Vice President's Blog - 24 October 2018

Scotland’s iconic livestock industry is being brought more and more under the spotlight when it comes to its role in addressing climate change writes Vice President Martin Kennedy.

Despite what some would have you believe, farmers recognise the issue and things are changing.

There's no doubt that cattle and sheep release greenhouse gases into the atmosphere.  But they are only one part of a very complex picture and an easy target for those who seem to have little interest in the big picture or recognising the economic, social and environmental benefits that livestock production across Scotland brings.  Lose farming, and you lose those too!

Continually having to defend our role as producers is, quite frankly, unbelievable given that the one thing we, as people, cannot do without is food.  There are various individuals and organisations who, in their short sightedness, seem desperate to bite the hand that feeds them.

Sticking to the facts, rather than rhetoric, shows that steady progress is being made, through knowledge transfer and voluntary initiatives, to improve our industry’s efficiency and reduce its environmental impact.

According to Scottish Government’s Climate Change Plan, the greenhouse gas inventory for the Agriculture and Related Land Use sector has seen a 25.8% fall in emissions between 1990 and 2015.  A second Scottish Government model uses another way of calculating these things and records a 14% reduction between 1990 and 2016.  Either way, steady if unspectacular progress is being made.

And in our ‘Steps to Change’ document, where we look at a post-Brexit agricultural policy for Scotland, we look to build on that by suggesting a range of relevant environmental measures, delivering on national priorities in relation to climate change, water quality and biodiversity.

Addressing climate change and improving agricultural productivity can be complementary and our range of suggested measures at a farm level extend to soil health and nutrient management plans; carbon audits and carbon management.

Livestock farming is already assisting the mitigating measures being taken to address climate change and will do so in the future.  To back this up, we need to understand better how the whole process works.

Do carbon capture calculations properly identify what is being sequestrated by our hills, uplands and peatlands and fairly balance that against emissions from the livestock grazing those areas and turning that grass and heather into locally-produced, affordable, tasty protein?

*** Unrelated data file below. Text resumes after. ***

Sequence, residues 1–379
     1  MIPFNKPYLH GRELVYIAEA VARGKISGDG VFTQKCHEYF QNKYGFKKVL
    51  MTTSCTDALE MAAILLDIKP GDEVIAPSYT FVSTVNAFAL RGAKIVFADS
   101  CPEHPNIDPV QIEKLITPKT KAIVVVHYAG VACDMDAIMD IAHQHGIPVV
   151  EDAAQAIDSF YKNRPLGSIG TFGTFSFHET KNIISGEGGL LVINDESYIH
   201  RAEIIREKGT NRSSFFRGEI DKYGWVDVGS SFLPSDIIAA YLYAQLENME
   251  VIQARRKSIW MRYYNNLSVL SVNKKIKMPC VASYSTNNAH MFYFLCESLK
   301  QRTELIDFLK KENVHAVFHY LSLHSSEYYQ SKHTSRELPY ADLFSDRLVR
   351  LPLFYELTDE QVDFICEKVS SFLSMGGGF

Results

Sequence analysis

It has been quoted that our peatlands in Scotland already hold more carbon than all the trees in Western Europe.   Even applying lime to our ground, which improves vastly the carbon capture capabilities of our soils, appears to go against us when working out our carbon footprint.

There’re not many other industries I can think of that has such a positive story to tell when it comes to carbon sequestration, so our industry must be taken in perspective to all others, and not simply condemned without recognition of the positives.                 

On the environment, one of the biggest challenges many of the species we have here in Scotland have, whether it's rare plants or many forms of wildlife that we all like to see, is land abandonment. If we're not careful then not looking at this wider picture could see our iconic landscapes, which are already feeling the strain, change dramatically.

The relentless mantra from some would have the public believe that producing less meat would address climate change at a single stroke.  

They fail to see the bigger picture and need to appreciate the wider impact that reducing livestock numbers, particularly on our hills and uplands, could bring - a negative effect on our ability to capture carbon; permanent pasture going under the plough; managed uplands reverting to scrub; reduced economic activity in remote and fragile areas and the red meat sector’s contribution to our important foods and drink sector undermined.

If we want to live, we have no choice other than rely on food which fortunately, in the UK, is produced to the highest standards. Don't take this for granted, as those of us who produce these products have rarely felt so undervalued. It would be disastrous if we don't recognise this till it's too late.

Politicians, stakeholders and the public need to have all the facts on climate change before making decisions that might ultimately fly in the face of their original desire.

Any future targets for reducing emissions must be appropriate and balanced against the wide range of benefits delivered by livestock production.

We are all in this climate change challenge together and farming should play its part, but what we must avoid is just pointing the finger and apportioning blame and then setting targets to reduce emissions without thinking through the wider implications or how the industry will be supported through a period of significant change.

Author: Martin Kennedy

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About The Author

Martin Kennedy

Martin is a tenant farmer in Aberfeldy, Highland Perthshire and farms with his wife Jane and three daughters. They have 600 ewes and 60 cows on the farm rising from 800ft to 2,500ft. Martin served two years as Highland Perthshire Branch chair, before representing East Central region on the LFA committee in 2009. Martin went on to be Vice-Chair before chairing the committee for three years. He was elected Vice-President in 2017 and elected as President in 2021.

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